The Donkeys of the Sand Pit / Lilianne Ruiz

Not one lonely statement from the Cuban intelligence services’ spy recently released from US prison after serving out his sentence regarding political prisoners in Cuba. Nothing regarding Kilo 8, Kilo 9, Boniato…[1]

A guy that calls for a campaign to create the illusion that an entire people expects and demands freedom for his 4 colleagues, could well be a man of peace, with empathy with all who are in prison for political reasons. But, it was not like that.

This is the government’s man. He looks like a carnival puppet, but he’s responsible for his actions for he articulates a message, and that message is always on the government’s side, a government that intends to be there always, without really consulting us.

That is why no one should believe that our people have come out to demand the release of 4 spies who tomorrow will ignore their suffering, their hunger, their fear of losing whatever little they have or the nothingness they possess; as does this already released spy, seen in public demonstrations carrying little children. He wants to make believe that this idea of the yellow ribbon was born from civil society, and not the government, as if this human tidal wave that refuses to acknowledge its right to deny itself could also be called a civil society. In slavery there is no power structure.

But, he is there, in that intermediate space. Between the powerless[2] and the State there is the political police, armed to prevent each group from assuming the powers that belong to them.

In school, during the morning assembly of children, a teacher admonished “Tell your parents to put a yellow ribbon in you tomorrow.  They are available for two regular[3] pesos at the neighborhood trinket store.”  I saw people in my building who are waiting for a US visa to leave this misery behind (and they think that they are leaving behind the only misery….but, there are miseries that cannot be left behind)…dressed in yellow.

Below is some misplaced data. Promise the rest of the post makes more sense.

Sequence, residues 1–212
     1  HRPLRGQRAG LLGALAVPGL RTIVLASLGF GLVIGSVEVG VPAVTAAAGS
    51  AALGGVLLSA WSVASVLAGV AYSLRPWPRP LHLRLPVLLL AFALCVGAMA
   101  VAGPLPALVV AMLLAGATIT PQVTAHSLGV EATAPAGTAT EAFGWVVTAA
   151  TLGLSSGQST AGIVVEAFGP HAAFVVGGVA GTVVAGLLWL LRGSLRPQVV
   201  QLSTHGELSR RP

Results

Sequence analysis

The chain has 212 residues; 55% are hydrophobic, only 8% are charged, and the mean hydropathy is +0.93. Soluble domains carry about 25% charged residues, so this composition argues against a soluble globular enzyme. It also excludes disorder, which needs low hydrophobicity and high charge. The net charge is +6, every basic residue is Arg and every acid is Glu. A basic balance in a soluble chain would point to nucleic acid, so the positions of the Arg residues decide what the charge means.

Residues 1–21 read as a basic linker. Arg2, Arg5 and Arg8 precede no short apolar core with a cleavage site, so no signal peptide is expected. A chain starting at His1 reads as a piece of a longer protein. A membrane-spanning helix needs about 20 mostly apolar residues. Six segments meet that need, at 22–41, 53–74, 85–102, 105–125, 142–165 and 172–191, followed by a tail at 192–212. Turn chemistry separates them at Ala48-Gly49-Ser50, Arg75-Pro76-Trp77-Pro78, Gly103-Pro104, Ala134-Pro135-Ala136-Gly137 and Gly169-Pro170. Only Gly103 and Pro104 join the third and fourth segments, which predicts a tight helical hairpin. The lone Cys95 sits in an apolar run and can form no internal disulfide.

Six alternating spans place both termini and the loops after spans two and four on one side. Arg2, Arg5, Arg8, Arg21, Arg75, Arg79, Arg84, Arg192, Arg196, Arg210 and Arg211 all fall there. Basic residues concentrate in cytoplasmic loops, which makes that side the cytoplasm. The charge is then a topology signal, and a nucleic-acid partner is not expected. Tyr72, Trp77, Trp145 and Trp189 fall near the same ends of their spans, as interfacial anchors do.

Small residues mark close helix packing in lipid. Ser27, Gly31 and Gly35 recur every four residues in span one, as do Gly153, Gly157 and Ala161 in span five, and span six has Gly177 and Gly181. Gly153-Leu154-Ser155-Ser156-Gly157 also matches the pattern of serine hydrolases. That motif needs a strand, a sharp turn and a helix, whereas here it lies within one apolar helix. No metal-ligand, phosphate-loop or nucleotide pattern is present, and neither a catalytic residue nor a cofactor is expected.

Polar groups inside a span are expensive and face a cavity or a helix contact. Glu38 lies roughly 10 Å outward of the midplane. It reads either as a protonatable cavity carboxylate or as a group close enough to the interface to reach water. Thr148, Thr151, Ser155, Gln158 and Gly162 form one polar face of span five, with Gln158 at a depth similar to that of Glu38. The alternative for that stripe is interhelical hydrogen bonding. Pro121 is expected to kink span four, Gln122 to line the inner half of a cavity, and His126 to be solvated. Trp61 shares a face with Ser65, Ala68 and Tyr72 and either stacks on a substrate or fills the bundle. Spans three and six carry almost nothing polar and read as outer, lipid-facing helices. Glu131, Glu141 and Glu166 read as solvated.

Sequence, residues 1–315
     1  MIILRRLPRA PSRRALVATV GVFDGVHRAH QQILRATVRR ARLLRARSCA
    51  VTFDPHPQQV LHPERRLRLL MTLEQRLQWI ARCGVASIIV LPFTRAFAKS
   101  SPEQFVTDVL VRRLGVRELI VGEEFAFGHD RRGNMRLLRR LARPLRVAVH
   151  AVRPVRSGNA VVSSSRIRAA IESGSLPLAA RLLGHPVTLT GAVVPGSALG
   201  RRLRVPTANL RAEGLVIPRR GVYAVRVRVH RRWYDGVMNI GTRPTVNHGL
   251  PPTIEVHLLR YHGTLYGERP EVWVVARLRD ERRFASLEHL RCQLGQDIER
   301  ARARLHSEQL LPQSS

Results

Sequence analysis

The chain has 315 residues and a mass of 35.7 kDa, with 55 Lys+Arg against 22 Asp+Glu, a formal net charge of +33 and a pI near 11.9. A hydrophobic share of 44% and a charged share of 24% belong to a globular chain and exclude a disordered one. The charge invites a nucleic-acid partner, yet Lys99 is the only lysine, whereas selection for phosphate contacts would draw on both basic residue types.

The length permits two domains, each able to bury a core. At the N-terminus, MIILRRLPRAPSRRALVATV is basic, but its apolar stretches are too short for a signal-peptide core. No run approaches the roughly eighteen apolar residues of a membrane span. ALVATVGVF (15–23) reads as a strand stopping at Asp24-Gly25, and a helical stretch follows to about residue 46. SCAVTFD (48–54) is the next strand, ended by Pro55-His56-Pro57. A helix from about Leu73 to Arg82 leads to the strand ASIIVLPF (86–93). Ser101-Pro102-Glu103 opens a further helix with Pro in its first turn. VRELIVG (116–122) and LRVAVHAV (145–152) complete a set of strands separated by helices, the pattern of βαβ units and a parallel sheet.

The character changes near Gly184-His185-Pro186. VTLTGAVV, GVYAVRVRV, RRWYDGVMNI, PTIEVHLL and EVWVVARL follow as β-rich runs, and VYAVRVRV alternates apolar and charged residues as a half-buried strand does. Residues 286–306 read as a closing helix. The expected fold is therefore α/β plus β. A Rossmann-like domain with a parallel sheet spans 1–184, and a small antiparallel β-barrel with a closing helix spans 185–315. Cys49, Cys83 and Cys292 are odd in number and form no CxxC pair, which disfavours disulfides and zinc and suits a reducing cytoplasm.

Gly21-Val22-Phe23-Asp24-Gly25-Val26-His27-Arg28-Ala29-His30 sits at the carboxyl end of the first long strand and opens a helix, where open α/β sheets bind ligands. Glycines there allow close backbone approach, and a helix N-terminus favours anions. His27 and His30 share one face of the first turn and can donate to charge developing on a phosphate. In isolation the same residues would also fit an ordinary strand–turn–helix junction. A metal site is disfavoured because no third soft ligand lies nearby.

Lastly, looking at the people dressed in yellow or wearing a yellow bow – people who did not have that air of the functionary trying to get ahead, simple people who do not want to know what they are doing – I remembered what I had been reading the previous night to my six-year-old daughter before bed, Platero y Yo (Platero and I).[4] I had taken in this entire quote of Juan Ramon Jimenez’s magnum opus:

“Look, Platero, at the donkeys of Quemado: slow, bent, with their pointed red load of wet sand in which they carry nailed, as if to their hearts, the green rod of the wild olive tree with which they are beaten…”

[1] These are the names of some of the most notorious Cuban prisons where political prisoners are kept in inhumane conditions.

[2] In English in the original text.

[3] As opposed to CUC or “convertible” peso, the other official currency of Cuba, artificially paired to the US dollar.

[4] Children’s book written by Spanish poet, professor and Nobel Prize laureate Juan Ramón Jiménez in 1917.  It narrates the relationship of a boy and his little donkey named Platero. It has remained extremely popular in Latin America and Spain to these days.


Translated by Ernesto Ariel Suarez

13 September 2013